February 2, 2012
Four Keys to Successful Service Learning in Online Courses
Many faculty members may believe that service learning and distance education are mutually exclusive endeavors. However, David Pratt, associate professor of education and coordinator of learning and technology for Purdue University North Central, has found otherwise. He has successfully integrated a service learning component into an online course, and the lessons he has learned are applicable for anyone planning to do likewise.
Service learning may be one of the more effective ways of engaging students in the learning process, particularly for the current generation of Millennials. It is worth the effort to add a real-world learning experience to a course, and this extends to online courses, where the challenges are even more complex than in a face-to-face course.
Pratt has taught an online course, “Classroom Applications of Educational Technology,” for several years. This course teaches student teachers how to apply technology in their future classrooms, and Pratt saw the value of adding a service learning component. So, he found a local school that had just received new technologies; the teachers at this school were not receiving sufficient professional development training to adequately use these technologies.
Students in Pratt’s class consulted with the client teachers to learn about the technologies available to them, then did independent research on how each individual teacher could better use the resources at his or her disposal. Pratt’s students met one time face-to-face with their client teacher to present their findings, leaving the client teacher with a USB drive containing resources they could use in the classroom. Students discussed their experiences via online Blackboard discussion and completed a reflection paper as part of their grade; the client teachers also provided feedback on the presentation and value of the consultation.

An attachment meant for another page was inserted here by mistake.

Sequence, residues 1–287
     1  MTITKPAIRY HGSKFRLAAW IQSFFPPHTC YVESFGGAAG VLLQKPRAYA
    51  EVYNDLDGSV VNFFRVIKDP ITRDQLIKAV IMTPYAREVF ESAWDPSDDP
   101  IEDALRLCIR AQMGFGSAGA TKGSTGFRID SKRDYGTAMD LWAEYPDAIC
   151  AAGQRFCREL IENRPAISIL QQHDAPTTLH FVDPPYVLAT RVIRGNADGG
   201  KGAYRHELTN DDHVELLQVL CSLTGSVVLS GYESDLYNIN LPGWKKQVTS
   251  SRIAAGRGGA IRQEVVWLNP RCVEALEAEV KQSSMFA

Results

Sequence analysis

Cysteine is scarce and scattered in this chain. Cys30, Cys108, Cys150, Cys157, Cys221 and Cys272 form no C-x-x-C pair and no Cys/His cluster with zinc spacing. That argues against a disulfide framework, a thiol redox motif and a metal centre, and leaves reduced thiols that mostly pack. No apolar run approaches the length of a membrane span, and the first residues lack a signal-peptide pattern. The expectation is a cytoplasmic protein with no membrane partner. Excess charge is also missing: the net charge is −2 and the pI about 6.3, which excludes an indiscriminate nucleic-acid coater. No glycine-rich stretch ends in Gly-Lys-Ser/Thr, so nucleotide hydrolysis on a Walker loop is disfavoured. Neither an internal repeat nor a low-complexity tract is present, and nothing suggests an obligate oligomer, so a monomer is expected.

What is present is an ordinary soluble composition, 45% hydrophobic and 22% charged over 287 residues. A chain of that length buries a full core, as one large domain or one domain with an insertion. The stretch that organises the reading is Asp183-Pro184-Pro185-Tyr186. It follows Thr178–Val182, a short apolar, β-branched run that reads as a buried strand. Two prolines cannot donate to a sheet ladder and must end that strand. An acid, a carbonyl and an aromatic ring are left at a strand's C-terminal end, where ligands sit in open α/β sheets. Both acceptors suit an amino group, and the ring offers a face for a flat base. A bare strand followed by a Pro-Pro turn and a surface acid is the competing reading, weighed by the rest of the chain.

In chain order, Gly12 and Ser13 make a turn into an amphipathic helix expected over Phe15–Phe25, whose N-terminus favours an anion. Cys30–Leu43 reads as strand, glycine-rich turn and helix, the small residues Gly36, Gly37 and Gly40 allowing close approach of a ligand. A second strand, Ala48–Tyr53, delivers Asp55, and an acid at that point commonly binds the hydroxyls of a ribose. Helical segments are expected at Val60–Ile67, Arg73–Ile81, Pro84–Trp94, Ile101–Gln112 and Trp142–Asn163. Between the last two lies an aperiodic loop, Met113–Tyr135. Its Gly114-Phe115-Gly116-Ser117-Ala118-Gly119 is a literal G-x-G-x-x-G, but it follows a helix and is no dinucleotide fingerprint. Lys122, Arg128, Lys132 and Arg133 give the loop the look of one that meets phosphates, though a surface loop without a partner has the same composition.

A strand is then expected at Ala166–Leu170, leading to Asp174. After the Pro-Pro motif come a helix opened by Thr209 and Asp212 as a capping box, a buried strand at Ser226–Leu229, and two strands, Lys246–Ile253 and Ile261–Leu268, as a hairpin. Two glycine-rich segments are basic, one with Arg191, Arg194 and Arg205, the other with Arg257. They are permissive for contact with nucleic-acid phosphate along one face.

Through adding this service learning component to his course, Pratt was able to learn the following lessons:
1. Pick a goal, and integrate it into the course
“The key is to meet the needs of the student in the course [as well as] the community organization,” Pratt says. “Pick a goal in your course that could be better met with an organization in your community.” In this case, he found a way to encourage his students to research uses of technology in the K-6 classroom while serving teachers who were already there.
“The next big part is to integrate it as a part of the class and not just an add-on,” he says. This may mean that the introduction of a service learning project will displace other projects. Faculty, Pratt says, need to “appreciate how much time it will take the students” to complete the service learning project and plan accordingly.
Faculty must also appreciate the value of students learning from professionals other than themselves. “It is hard for faculty to give up control, but it’s worth it,” he says. “Trust other people to help your students learn.”
2. Pursue funding
Pratt points out that pursuing funding for a service learning project is not always necessary to achieve the course goals. “You really don’t need any money, but it is nice,” he says. The organization typically is “paid” for its participation in free labor, and the students are typically “paid” in course credit, so no money needs to change hands.
However, Pratt was able to secure a university-provided grant in the amount of $1,000 for his project, and an outside organization called Indiana Campus Compact awarded him $3,000. This money allowed students to provide a USB drive to their client teachers as well as a book they selected, and it allows Pratt to present his findings at conferences.